• Is there an obvious, prominent call-to-action? Once you’ve piqued people’s interest, help guide them as to what to do next. So many websites miss this crucial function which is a major wasted opportunity! Make life easy for people, give them one main action to take, so that there’s little room for indecision.
  • Have you enabled people to connect with you? Whether that’s including buttons linking to your social media spaces or blog; signing up to your mailing list or; letting people know how they can contact you (this might simply be a clear link to the contact page of your website)



  • Have you expanded on who you are and what you offer? We still recommend against an essay or full CV here. We’re sure you’re very impressive and accomplished but, people often don’t need to know all the ins and outs of your lifetime experience. They simply need to be convinced they want to work with you. Keep it concise but make sure to include: your approach; your credentials and; a little bit about who you are, as a person. After all, people are buying into you!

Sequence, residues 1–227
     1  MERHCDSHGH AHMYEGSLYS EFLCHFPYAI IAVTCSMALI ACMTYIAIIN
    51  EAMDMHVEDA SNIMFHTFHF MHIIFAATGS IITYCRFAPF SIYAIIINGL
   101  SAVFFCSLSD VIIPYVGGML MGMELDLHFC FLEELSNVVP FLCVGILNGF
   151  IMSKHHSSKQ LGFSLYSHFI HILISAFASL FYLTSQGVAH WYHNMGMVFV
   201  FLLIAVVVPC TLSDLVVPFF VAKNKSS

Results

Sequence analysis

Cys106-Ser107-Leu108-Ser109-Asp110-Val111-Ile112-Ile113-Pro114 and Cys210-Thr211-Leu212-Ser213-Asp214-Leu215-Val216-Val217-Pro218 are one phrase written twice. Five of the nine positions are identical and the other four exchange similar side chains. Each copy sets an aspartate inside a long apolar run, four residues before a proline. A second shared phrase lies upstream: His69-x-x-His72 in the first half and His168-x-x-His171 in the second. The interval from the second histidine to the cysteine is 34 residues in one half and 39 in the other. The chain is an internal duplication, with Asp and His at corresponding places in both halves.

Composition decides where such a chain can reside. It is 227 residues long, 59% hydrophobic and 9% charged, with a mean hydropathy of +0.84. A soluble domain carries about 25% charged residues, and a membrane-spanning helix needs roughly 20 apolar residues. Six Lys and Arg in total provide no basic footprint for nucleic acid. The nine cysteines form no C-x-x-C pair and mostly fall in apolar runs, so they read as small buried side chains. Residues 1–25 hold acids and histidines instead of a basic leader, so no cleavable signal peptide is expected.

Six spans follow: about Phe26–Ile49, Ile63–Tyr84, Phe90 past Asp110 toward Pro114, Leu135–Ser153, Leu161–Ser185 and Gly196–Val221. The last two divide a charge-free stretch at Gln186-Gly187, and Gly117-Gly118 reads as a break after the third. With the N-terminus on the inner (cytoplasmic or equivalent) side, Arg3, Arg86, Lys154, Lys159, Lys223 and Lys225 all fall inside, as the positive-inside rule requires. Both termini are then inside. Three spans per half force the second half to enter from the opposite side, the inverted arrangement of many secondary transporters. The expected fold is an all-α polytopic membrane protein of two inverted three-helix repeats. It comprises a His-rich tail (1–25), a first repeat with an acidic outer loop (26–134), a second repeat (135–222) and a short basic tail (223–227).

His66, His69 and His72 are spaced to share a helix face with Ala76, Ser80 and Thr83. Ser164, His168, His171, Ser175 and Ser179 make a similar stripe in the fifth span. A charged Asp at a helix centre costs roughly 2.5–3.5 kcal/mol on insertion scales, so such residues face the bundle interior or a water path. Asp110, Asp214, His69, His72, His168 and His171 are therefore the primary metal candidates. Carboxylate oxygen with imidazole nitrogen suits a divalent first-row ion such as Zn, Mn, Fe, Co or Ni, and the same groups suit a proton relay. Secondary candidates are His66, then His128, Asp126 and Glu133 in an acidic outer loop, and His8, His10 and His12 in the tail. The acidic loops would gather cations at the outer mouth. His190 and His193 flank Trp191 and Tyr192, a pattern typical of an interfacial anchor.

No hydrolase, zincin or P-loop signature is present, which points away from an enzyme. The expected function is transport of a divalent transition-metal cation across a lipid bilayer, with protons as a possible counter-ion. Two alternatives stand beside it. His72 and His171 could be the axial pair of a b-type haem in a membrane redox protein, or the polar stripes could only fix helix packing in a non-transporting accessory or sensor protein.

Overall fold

• Have you included a professional photograph of yourself? Hands up if you like having your photo taken (read this post if you need more convincing)!
  • Have you accommodated for people who might have no idea what homeopathy is and why they should consider it? You might want to include some information about the system. Try and put your own spin on how you present this information. Maybe you’ll include some personal anecdotes, or list various ailments that you’ve treated. Challenge yourself to be informative and creative.